Tam Goossen's article

Tam Goossen, former president of Urban Alliance on Race Relations

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In Loving Memory of Sri by Tam Goossen, former president of Urban Alliance on Race Relations

I had heard about Sri when I joined the Urban Alliance on Race Relations (UARR) around 1995.  At the time I was a Public School Trustee at the former Toronto Board of Education where I chaired the Race Relations committee. By then Sri had received the UARR Race Relations Award with Joy Kogawa, a well known Japanese Canadian author and activist in 1994. 

I first met Sri around 1999 when he was asked to be acting Executive Director of the UARR after its long time Executive Director, Anthoni Shelton left. I got to work with Sri more closely later when we worked together on the preparation of one of the most significant events in the history of the UARR, a conference called Saving Lives: Alternatives to the Use of Lethal Force by Police held from June 23-24, 2000.   (The Conference report, most UARR newsletters including two when Sri was President, earlier research reports and other UARR publication can be found in the UARR website under Archive http://www.urbanalliance.ca.)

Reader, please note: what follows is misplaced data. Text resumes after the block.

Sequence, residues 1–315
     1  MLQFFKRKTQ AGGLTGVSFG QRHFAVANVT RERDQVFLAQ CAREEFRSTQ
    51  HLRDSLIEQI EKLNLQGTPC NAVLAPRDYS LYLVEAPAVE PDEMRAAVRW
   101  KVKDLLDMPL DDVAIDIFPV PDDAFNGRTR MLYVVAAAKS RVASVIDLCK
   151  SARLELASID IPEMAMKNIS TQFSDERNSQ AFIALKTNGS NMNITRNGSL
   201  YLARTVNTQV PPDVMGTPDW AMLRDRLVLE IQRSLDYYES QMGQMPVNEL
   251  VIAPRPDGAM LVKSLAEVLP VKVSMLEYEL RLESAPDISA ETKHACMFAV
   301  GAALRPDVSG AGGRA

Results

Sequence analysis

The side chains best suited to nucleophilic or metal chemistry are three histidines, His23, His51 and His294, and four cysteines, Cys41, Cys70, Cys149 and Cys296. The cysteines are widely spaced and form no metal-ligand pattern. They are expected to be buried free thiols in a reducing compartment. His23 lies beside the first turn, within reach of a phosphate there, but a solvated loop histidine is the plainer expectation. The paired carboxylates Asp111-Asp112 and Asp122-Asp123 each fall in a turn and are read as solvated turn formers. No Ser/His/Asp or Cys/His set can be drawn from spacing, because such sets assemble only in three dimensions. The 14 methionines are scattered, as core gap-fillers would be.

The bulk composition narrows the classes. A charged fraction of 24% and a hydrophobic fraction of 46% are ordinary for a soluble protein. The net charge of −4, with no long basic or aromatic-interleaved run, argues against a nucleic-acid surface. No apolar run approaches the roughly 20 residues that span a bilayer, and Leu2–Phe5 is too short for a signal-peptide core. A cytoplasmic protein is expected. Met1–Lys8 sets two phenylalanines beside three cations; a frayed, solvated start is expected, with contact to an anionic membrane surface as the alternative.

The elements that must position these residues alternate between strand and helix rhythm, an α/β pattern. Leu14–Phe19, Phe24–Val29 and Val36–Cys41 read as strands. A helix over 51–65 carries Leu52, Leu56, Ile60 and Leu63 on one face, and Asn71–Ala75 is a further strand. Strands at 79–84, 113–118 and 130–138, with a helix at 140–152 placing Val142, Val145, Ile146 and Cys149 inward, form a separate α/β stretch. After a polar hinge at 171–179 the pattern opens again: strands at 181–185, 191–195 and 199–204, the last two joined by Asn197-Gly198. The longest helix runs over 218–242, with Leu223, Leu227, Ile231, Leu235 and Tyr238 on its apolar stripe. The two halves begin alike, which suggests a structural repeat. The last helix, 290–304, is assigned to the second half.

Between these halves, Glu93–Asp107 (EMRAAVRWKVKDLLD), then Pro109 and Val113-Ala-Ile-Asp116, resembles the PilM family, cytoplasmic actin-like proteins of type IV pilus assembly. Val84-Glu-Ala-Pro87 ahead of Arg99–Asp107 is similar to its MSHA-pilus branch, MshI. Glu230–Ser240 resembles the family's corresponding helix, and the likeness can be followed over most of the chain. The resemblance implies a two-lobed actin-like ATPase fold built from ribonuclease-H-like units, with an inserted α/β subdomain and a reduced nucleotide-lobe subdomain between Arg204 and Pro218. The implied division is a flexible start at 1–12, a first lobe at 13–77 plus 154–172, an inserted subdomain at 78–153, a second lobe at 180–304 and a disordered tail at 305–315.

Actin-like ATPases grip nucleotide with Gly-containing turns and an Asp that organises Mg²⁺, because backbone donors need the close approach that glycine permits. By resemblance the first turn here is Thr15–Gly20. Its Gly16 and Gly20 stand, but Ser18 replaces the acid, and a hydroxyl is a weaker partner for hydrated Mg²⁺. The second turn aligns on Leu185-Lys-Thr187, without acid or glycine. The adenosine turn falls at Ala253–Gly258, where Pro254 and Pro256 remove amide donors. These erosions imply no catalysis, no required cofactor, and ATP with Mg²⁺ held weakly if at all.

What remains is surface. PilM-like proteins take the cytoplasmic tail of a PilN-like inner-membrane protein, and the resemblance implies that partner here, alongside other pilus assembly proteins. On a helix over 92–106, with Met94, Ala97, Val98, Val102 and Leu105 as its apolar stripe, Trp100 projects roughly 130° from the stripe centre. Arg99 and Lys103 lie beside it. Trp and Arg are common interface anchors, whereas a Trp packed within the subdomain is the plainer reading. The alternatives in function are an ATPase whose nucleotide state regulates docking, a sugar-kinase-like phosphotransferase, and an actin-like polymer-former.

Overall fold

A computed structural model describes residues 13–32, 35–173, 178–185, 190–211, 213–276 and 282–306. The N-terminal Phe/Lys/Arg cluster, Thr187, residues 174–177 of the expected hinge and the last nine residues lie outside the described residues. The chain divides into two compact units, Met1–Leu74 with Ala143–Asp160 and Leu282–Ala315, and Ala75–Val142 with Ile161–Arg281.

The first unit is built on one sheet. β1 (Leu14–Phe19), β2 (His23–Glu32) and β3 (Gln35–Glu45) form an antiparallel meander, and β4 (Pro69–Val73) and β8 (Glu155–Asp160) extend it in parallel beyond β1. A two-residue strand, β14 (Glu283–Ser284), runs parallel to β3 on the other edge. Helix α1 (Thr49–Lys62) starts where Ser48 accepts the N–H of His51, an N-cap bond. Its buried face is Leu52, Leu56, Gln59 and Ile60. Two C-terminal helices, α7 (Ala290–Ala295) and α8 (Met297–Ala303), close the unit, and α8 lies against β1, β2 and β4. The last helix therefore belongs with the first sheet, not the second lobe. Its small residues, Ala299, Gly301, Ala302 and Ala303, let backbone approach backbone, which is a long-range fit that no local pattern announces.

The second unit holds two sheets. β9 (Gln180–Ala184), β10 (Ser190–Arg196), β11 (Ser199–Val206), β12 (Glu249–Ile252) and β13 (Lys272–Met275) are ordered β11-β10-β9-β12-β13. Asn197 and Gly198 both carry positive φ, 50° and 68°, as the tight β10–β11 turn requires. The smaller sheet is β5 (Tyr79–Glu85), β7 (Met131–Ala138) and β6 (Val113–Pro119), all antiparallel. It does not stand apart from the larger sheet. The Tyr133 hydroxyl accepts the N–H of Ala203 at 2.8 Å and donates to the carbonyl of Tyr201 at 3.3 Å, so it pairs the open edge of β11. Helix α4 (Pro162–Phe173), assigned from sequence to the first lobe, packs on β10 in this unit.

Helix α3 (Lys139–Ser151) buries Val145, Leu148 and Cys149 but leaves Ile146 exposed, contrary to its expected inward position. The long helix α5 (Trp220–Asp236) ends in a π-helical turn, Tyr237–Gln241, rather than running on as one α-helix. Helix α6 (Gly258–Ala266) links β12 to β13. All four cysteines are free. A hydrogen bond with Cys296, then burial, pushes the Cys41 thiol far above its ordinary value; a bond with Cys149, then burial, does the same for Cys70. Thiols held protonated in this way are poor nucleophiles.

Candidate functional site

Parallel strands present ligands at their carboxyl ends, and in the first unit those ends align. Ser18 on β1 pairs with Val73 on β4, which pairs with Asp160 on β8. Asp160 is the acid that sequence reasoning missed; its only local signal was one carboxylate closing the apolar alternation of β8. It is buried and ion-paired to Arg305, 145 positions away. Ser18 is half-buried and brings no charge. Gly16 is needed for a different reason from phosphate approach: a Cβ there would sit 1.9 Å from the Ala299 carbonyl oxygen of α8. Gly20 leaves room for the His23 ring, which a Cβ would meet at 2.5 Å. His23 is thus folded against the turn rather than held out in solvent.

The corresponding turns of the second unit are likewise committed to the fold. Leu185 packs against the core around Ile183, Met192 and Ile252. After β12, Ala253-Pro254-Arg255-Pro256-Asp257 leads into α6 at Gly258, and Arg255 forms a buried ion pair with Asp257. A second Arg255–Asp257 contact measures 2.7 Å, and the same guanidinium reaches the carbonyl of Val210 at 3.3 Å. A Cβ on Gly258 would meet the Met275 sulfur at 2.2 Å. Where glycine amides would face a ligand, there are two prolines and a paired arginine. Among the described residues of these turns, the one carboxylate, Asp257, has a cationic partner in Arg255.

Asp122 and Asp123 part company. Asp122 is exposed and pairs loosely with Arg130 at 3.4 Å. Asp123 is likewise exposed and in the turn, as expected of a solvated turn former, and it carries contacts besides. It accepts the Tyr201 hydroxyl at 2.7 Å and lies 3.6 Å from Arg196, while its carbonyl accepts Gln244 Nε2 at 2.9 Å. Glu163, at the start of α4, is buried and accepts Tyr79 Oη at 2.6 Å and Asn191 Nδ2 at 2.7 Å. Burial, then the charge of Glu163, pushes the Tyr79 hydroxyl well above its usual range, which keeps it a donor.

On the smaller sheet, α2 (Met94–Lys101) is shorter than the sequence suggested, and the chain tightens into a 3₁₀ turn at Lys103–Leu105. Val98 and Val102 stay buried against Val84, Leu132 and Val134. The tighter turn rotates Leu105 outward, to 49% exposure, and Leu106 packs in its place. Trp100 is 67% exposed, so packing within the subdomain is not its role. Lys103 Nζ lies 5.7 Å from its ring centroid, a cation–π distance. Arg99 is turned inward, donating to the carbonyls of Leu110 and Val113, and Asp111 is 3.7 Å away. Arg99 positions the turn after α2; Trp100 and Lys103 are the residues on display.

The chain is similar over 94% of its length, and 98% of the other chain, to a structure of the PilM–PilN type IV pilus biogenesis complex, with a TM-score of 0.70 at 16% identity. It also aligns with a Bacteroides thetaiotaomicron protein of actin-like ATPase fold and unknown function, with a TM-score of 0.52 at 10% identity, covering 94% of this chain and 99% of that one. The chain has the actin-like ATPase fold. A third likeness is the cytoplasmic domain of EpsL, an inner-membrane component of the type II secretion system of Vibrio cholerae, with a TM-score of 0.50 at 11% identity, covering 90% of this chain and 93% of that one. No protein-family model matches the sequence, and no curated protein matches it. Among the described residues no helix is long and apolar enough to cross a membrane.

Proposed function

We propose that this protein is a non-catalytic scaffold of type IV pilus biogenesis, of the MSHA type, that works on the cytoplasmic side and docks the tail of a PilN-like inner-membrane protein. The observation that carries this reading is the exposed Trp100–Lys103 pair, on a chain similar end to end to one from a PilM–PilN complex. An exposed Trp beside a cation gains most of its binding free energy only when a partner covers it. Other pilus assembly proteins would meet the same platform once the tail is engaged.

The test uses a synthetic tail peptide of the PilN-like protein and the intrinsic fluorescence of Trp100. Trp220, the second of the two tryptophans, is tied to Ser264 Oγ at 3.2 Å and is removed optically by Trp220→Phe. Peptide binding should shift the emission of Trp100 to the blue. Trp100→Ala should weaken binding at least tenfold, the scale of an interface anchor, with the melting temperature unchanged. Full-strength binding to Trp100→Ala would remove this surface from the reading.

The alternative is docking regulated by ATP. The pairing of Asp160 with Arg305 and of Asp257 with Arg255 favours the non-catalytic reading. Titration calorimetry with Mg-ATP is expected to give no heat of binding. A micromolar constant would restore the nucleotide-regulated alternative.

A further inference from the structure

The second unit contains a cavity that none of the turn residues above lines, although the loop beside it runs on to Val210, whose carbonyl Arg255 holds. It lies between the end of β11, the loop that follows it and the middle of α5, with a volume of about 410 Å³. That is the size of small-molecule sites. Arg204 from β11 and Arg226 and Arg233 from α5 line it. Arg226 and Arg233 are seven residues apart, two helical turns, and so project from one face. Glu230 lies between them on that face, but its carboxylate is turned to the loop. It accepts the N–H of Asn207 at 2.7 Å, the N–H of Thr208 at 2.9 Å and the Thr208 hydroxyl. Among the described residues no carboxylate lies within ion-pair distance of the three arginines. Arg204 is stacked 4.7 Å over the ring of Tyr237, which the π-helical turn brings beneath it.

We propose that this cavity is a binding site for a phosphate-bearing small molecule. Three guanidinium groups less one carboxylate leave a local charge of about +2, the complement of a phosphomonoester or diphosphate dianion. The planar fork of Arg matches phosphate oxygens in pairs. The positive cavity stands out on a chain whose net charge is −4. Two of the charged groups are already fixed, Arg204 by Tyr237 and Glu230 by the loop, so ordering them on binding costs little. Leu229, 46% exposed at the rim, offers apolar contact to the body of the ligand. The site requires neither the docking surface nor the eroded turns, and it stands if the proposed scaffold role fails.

I was President of UARR from 2000 to 2001 and Sri became President from 2006 to 2008. Until we both left UARR in the late 2010s, we together with Dharma (Audi Dharmalingam, a founding member and former president of UARR) worked very closely together with younger members on the board and on staff to ‘keep the lights on’ at UARR. 

The mandate of the UARR, as laid out in 1975 when it was formed, was to work to maintain stable, peaceful and harmonious relationships among the various racial and ethnic groups within the Greater Toronto community. Its Board of Directors was to be an alliance of ordinary citizens who would reflect the diversity of modern society in Toronto and Canada at large.  

Over the years the UARR board has made changes to this mandate to reflect the changing social conditions and demographics of Toronto and Canada. In order to carry out our work effectively we have adopted a coalition building approach and have made contacts and worked with many established and newly emergent racial/religious community-based groups and the Labour movement as well as other non-government advocacy groups. 

For example, in order to ensure wide community support for the Conference in 2000, Dharma, Sri and I reached out, often by making personal visits, to many community groups explaining what we’d like to achieve through the Conference and urging their participation. Our efforts resulted in the coming together of the Black Action Defence Committee, the Chinese Canadian National Council Toronto Chapter, the Queen St Patient Council and many others in joining our Conference steering committees and having their members attending the Conference.